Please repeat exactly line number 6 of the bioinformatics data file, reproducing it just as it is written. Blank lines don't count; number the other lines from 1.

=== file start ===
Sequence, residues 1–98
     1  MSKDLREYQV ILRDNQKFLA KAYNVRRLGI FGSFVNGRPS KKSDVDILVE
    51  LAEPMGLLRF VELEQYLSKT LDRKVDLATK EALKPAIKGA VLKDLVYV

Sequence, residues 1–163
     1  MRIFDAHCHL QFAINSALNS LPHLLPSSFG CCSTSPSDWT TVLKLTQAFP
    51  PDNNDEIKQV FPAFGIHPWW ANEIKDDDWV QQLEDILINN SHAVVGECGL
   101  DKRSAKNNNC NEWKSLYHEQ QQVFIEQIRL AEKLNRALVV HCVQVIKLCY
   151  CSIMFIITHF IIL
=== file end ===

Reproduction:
    51  PDNNDEIKQV FPAFGIHPWW ANEIKDDDWV QQLEDILINN SHAVVGECGL